The Iron Bowl is still four-plus months away, but the deep-seated rivalry between Auburn and Alabama remains at a fever pitch, as is often the case for one of college football’s most intense rivalries.
Auburn newcomer Tony Fair, a graduate transfer defensive tackle from UAB, stirred things up with the cross-state rivalry last weekend when he took to social media and posted a video with a caption that claimed the Tigers were coming to “take the head off the elephant” this fall. The post by Fair, who has yet to play in an Iron Bowl, exuded confidence, garnered headlines and drew the ire of Alabama fans — but his new Auburn teammates loved the confidence displayed by the 6-foot-1, 330-pounder from South Bend, Ind.
“That quote, obviously, it’s a confident quote, but I hope he’s coming to take the head off the elephant,” Auburn quarterback Bo Nix said Thursday at SEC Media Days. “I hope he’s not coming to get the head taken off the tiger. So, that’s really important. I think that, actually, I like the quote.
“I think it’s important because we’re not scared of Alabama. I know a lot of people want us to be scared, but we’re really not.”
Added linebacker Owen Pappoe: “I love it. I love the confidence. It’s the biggest rivalry in the country, in my opinion. It’s just what comes with it.”
Auburn is coming off a 6-5 season that included a 42-13 loss at Alabama, which went on to win the College Football Playoff in January. Auburn has lost five straight in Tuscaloosa, and the team’s only three wins in the series over the last decade have come in 2013, 2017 and 2019 — all at Jordan-Hare Stadium, where the Tigers have enjoyed more success against their biggest rival.
Alabama leads the all-time series, 47-37-1.
The series will return to the Plains in November, with Jordan-Hare Stadium expected to be back to full capacity after reduced attendance last fall due to the pandemic. Although the series’ return to Auburn should provide the team an added advantage under first-year head coach Bryan Harsin, Nix said Thursday that the location of the game doesn’t impact his confidence against Alabama, which has developed into a college football juggernaut under Nick Saban, adding that he was “probably more excited” to play at Bryant-Denny Stadium because of the challenge it presented.
“They had a great team last year,” Nix said. “They beat us last year head-to-head, and they beat us pretty bad, but that game was close at the beginning, and it was honestly closer than they had played. There at the end they just did what they do, and they obviously had a great team. So, they continued to just build on that…. So, moving forward, especially this year, having it back home, obviously, it is exciting to play the Iron Bowl in Jordan-Hare Stadium. It’s going to be one of the biggest, loudest games of the year. It always is. So, we’re just excited.”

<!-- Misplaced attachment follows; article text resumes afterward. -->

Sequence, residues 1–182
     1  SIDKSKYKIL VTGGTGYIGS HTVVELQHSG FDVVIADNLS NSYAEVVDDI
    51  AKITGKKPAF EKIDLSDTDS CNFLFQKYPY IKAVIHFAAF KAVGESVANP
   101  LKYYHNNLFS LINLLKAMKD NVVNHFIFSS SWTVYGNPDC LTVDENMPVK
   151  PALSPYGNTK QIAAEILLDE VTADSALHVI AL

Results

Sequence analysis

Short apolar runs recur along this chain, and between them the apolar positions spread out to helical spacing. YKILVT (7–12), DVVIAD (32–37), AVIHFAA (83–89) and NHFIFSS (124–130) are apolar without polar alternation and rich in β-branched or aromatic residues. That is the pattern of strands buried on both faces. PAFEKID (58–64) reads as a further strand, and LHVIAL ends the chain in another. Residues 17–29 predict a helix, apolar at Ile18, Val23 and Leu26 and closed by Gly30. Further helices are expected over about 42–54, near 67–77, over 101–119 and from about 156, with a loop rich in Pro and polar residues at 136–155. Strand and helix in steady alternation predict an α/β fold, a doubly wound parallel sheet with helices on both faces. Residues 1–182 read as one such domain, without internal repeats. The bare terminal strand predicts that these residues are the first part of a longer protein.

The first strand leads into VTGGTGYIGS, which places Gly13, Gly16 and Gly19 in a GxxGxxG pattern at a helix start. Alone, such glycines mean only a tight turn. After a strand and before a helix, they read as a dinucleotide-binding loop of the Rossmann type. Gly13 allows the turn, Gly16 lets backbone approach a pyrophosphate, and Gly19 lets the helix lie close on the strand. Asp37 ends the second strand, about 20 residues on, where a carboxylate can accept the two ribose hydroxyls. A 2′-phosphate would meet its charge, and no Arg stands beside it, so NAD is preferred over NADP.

Auburn hosts Alabama on Nov. 27 at Jordan-Hare Stadium in the teams’ traditional regular-season finale. The Tigers have won each of the last two meetings on the Plains and three of the last four in the series at home, as Auburn has been one of the most successful teams against Alabama in recent memory.
And, given Fair’s confidence in his post last weekend, the Tigers expect that trend to continue at Jordan-Hare Stadium.
“I’m happy he said that because everybody at Auburn should come in with the mindset of beating Alabama, and that’s just important to us; it’s important to me,” Nix said. “Obviously, I understand how it is beating them in 2019, and we have a lot of guys on our team that’s beaten them. I think there’s a mutual respect between Auburn and Alabama. I think they know that they’re going to Alabama to beat Auburn, and we are going to Auburn to beat Alabama.
“All the games are always respectful. It’s fair, and both sides appreciate the other for what they have to go through. But for Auburn, we are here to win those big games and to take the head off the elephant.”
Tom Green is an Auburn beat reporter for Alabama Media Group. Follow him on Twitter @Tomas_Verde.